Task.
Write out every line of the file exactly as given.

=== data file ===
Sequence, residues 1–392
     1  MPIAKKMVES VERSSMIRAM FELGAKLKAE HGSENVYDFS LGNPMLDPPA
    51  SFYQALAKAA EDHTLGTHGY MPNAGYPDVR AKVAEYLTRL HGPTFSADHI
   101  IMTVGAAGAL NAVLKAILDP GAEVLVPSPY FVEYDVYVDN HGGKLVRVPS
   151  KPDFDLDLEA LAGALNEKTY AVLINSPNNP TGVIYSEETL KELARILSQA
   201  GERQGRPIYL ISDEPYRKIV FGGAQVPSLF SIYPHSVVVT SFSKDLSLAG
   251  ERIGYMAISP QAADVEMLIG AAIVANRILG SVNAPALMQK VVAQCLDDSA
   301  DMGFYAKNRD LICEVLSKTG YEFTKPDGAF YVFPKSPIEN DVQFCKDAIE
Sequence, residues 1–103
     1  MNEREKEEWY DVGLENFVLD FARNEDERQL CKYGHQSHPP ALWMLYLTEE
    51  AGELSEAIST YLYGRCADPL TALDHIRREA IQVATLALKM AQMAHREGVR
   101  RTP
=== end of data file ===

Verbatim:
Sequence, residues 1–392
     1  MPIAKKMVES VERSSMIRAM FELGAKLKAE HGSENVYDFS LGNPMLDPPA
    51  SFYQALAKAA EDHTLGTHGY MPNAGYPDVR AKVAEYLTRL HGPTFSADHI
   101  IMTVGAAGAL NAVLKAILDP GAEVLVPSPY FVEYDVYVDN HGGKLVRVPS
   151  KPDFDLDLEA LAGALNEKTY AVLINSPNNP TGVIYSEETL KELARILSQA
   201  GERQGRPIYL ISDEPYRKIV FGGAQVPSLF SIYPHSVVVT SFSKDLSLAG
   251  ERIGYMAISP QAADVEMLIG AAIVANRILG SVNAPALMQK VVAQCLDDSA
   301  DMGFYAKNRD LICEVLSKTG YEFTKPDGAF YVFPKSPIEN DVQFCKDAIE
Sequence, residues 1–103
     1  MNEREKEEWY DVGLENFVLD FARNEDERQL CKYGHQSHPP ALWMLYLTEE
    51  AGELSEAIST YLYGRCADPL TALDHIRREA IQVATLALKM AQMAHREGVR
   101  RTP